Tip #6 Pivot your Product or Service
Hamilton’s sixth tip is to “Pivot your product or service to new conditions.” Small changes to your business can open up new streams of revenue. Even if these streams of revenue are comparatively small, they could mean the difference between sink or swim! Try to step back and look at your business with fresh eyes and strive to find ways to offer something new to your customers. Whatever you offer should be based on your existing goods and services and not require a new, large expenditure.
The COVID-19 pandemic is obviously disruptive, but it won’t last forever. Hamilton’s advice of focusing intensely on the next 90 days is sound advice. You won’t regret looking for ways to safeguard your business for the next 3 months.
The post 6 Tips and 90 Days to Protect Your Business appeared first on Deal Studio – Automate, accelerate and elevate your deal making.
Small business owners are facing new challenges during this crisis. Communicating with customers requires more focus and depth than ever before. In Mat Zuker’s latest article for Forbes Magazine, he cites Jay Mandel who runs The Collective NYC, a marketing consulting team focusing on a customer’s experience, who underlines the importance of businesses to understand their mission statement and values in order to re-enforce marketing strategies.
Information is Crucial. Each customer purveying your business’s website needs to understand your hours of operation, any limitations to service and what is being done to ensure cleanliness. Providing this information establishes to your customer your seriousness of precautions which will be appreciated during this time.
If your financial situation allows, focus on your employees, donate to charities or offer discounted or free products. By marketing this information, your brand’s scope will bolster with the customer as well.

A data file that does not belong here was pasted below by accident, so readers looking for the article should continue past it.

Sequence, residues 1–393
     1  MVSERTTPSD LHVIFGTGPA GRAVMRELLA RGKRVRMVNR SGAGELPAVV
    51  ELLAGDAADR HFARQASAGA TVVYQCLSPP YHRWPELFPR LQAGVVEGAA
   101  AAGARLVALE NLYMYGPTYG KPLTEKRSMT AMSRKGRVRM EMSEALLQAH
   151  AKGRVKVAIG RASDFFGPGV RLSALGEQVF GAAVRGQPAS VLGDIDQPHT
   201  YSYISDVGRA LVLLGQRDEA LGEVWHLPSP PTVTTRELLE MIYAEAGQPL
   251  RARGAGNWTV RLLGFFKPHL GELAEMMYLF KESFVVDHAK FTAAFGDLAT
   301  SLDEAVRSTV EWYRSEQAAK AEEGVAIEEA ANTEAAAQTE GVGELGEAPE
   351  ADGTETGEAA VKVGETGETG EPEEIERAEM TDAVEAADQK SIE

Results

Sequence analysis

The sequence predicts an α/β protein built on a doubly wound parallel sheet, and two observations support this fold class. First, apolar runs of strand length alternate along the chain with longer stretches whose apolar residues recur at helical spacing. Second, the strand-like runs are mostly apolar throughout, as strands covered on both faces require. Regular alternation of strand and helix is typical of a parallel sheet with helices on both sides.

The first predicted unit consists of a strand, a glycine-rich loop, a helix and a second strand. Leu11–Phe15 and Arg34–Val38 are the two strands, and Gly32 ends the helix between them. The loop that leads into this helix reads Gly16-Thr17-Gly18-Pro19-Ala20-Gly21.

Utilizing the Customer’s Time. Most customers are adhering to social distancing guidelines put forth by their state and the federal government. Now, more than ever, it is important to exhibit to your customers how your brand can be utilized beyond your brick and mortar. Zuker cites how universities are beginning to offer free online classes and telecommunication companies are offering two months of free service to low-income families; King Arthur flour is promoting its library of comfort food recipes (yes, please!). Thinking beyond your storefront to put your service or product into your customer’s virtual hands is important.
Remember to entertain. By each passing day, customers are looking for new stimulation to help the time go by at home. Movie companies are making the best of the situation by sending theatrical releases to online streaming services. We don’t think it is necessary to always make your customers laugh, but it might be within your branding to aim for content geared towards warmth, humanity and empathy.
The metric for engaging your customers is changing; moving beyond views and shares to quality feedback or social impact on your community. Do not bite off more than you can chew. Cited in Zuker’s article, Social Media Today warns of virtue signaling; meaning declaring a set of values, but not following through on the actual deeds.
Also, this is a fantastic opportunity to consider your marketing strategies for when this crisis ends. What will your business look like once you are able to open the doors? How are you able to stay relevant with your competitors? These are all questions needing answers, but today we must do our best to accomplish what is in front of us.
Read Mat Zucker’s full article here: https://www.forbes.com/sites/matzucker/2020/04/01/content-in-a-crisiswhat-brands-can-deliver/
The post How to Connect During a Crisis appeared first on Deal Studio – Automate, accelerate and elevate your deal making.
Thinking about whether or not you are ready to exit is an important question. It’s something that every business owner will have to address at some point. Importantly, you don’t want to wait until the 11th hour to prepare to sell your business. There are far too many pieces in this particular puzzle to wait until the last minute. You’ll want to begin the process sooner by asking yourself some key questions.
First, you’ll need to determine the actual value of your business. It is a harsh truth, but what you think your business is worth and what the market feels that it is worth may be two very different things.
This point serves to underscore the importance of working with a business broker or M&A advisor early in the process. An experienced broker knows how to go about determining a price that will generate interest and seem fair. Remember that at the end of the day, it will be the marketplace that determines the value of your business, but working with a seasoned professional is an excellent way to match your offering price with what the market will ultimately bear.
Secondly, you’ll want to consider whether or not you truly want to sell. It is not uncommon for business owners to begin the process of selling their business only to realize a few hard facts. Wanting to sell and the time being right to sell are often two different things.